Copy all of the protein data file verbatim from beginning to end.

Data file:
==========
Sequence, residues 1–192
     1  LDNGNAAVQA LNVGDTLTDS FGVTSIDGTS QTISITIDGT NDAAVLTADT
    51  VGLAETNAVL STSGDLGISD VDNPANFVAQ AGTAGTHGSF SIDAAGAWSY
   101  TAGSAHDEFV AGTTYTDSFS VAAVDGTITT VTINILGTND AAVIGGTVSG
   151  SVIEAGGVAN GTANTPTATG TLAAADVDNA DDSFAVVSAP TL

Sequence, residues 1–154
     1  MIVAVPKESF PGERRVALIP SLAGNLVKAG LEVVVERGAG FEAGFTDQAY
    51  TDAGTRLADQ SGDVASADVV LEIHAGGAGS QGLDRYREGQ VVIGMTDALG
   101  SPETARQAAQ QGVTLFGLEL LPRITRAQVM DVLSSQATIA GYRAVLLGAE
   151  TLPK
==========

Sequence, residues 1–192
     1  LDNGNAAVQA LNVGDTLTDS FGVTSIDGTS QTISITIDGT NDAAVLTADT
    51  VGLAETNAVL STSGDLGISD VDNPANFVAQ AGTAGTHGSF SIDAAGAWSY
   101  TAGSAHDEFV AGTTYTDSFS VAAVDGTITT VTINILGTND AAVIGGTVSG
   151  SVIEAGGVAN GTANTPTATG TLAAADVDNA DDSFAVVSAP TL

Sequence, residues 1–154
     1  MIVAVPKESF PGERRVALIP SLAGNLVKAG LEVVVERGAG FEAGFTDQAY
    51  TDAGTRLADQ SGDVASADVV LEIHAGGAGS QGLDRYREGQ VVIGMTDALG
   101  SPETARQAAQ QGVTLFGLEL LPRITRAQVM DVLSSQATIA GYRAVLLGAE
   151  TLPK